You have been searching for that new place to call home for days, weeks or maybe even months.  Working with your favorite realtor (me!), you found the perfect place.  You get a call from the title company asking for information about your homeowner’s insurance policy. 

There are several options available for purchasing a policy – you can use a local agent or shop online.  One of the first things to determine is the amount of coverage you need.  You want to make sure you have enough to replace your home and belongings.  Believe it or not, your credit score comes into play here as well.  Do you have cars, recreational vehicles or a boat?  You might qualify for a multi-policy discount.   Does your new home have a security system?  Another discount!

Is your new home in a designated flood plain?  The Seller’s Disclosure Notice will tell you if the property is in a floodplain or currently has flood insurance coverage.  If this is the case, I can help you find a local agent.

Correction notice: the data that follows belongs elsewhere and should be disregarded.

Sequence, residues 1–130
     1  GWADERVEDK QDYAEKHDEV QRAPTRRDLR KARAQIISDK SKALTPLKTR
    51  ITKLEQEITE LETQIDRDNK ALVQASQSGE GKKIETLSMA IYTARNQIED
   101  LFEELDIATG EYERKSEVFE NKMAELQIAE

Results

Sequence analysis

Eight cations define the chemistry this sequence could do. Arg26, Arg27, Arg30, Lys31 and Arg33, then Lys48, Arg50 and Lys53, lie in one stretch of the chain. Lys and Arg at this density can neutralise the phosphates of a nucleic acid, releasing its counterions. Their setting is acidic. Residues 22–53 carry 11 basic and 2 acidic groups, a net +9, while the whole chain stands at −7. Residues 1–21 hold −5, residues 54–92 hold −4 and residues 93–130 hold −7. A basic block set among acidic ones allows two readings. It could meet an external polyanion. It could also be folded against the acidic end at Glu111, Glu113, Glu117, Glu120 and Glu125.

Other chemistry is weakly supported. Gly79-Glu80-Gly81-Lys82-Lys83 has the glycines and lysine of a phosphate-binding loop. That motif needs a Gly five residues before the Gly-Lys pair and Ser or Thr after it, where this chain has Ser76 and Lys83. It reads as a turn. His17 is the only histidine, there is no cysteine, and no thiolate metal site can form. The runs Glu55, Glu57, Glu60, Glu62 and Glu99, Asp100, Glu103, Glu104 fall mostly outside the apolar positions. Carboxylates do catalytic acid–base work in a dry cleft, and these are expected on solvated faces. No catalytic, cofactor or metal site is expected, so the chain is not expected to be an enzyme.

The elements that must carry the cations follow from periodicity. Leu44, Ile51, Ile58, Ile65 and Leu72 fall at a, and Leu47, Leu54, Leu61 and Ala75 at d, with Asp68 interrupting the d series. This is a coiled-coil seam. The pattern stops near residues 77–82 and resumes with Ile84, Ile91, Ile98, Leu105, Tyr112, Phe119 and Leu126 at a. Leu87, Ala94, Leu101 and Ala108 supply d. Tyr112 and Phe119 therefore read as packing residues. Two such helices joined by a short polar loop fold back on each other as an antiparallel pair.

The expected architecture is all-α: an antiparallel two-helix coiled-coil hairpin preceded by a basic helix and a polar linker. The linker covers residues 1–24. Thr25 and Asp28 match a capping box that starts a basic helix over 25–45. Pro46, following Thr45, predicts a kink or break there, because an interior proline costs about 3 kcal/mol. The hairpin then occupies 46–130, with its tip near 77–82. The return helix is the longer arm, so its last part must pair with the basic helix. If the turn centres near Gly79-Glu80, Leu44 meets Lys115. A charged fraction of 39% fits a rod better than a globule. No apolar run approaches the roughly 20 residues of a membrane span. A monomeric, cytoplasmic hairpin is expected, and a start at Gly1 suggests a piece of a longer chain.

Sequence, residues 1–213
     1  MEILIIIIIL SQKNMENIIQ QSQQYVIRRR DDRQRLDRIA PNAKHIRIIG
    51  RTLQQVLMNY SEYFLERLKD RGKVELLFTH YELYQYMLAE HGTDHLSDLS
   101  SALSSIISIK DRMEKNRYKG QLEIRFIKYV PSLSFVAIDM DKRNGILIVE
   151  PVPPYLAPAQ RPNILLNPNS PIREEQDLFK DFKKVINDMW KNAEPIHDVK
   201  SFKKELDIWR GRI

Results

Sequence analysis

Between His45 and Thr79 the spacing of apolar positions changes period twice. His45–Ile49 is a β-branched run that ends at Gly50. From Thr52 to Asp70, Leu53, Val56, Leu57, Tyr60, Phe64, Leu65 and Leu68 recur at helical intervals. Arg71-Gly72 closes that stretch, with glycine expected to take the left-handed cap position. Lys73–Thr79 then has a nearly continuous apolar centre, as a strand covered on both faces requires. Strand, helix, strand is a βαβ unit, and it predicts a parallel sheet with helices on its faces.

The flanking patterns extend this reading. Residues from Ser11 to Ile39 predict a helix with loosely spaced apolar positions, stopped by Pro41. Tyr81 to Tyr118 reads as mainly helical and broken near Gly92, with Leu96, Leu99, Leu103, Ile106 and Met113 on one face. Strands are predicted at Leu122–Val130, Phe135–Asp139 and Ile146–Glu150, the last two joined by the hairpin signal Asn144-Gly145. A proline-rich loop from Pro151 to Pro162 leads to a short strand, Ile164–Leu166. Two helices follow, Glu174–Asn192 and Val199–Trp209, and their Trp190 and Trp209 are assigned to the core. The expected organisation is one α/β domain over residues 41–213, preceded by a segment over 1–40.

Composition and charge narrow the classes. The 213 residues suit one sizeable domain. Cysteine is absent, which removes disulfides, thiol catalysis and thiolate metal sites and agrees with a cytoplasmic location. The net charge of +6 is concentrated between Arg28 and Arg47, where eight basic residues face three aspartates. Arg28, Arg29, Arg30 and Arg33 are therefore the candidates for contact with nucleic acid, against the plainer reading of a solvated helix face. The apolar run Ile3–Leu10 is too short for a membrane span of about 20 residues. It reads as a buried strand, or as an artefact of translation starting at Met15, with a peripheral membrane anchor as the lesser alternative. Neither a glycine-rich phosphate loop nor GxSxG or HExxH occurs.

Other things to consider when shopping for home insurance include your belongings and contents.  Do you have an art or baseball card collection or some of grandma’s priceless antique furniture?  If your new home has additional “outbuildings” – like RV storage – make sure it is all covered.  

Your insurance company will most likely use a CLUE report for your new home.  No, it’s not the game – CLUE actually stands for Comprehensive Loss Underwriting Exchange.  A CLUE report gives you the claims history of the house.  If the seller has disclosed major repairs that might have been paid by an insurance claim, then I tell my buyers that it’s OK to ask for a copy of the CLUE report. 

The family dog may be another piece of information an insurance agent will ask about.  Owners of certainly presumed “aggressive” dog breeds could pay a higher insurance premium.  You really don’t want to fib to your insurance agent about this.  If you do have one of these dogs and you don’t disclose it up front and Fido does accidently injure someone, your insurance company may deny coverage.  Deductibles are yet another item to consider.  Generally, your policy premium is lower with a higher deductible; however, you will end up paying more out of your own pocket if you have a claim. 

While I’m not an insurance expert, I know many people who are just that.  Have questions?  Please call, text or email.  I’m here to help!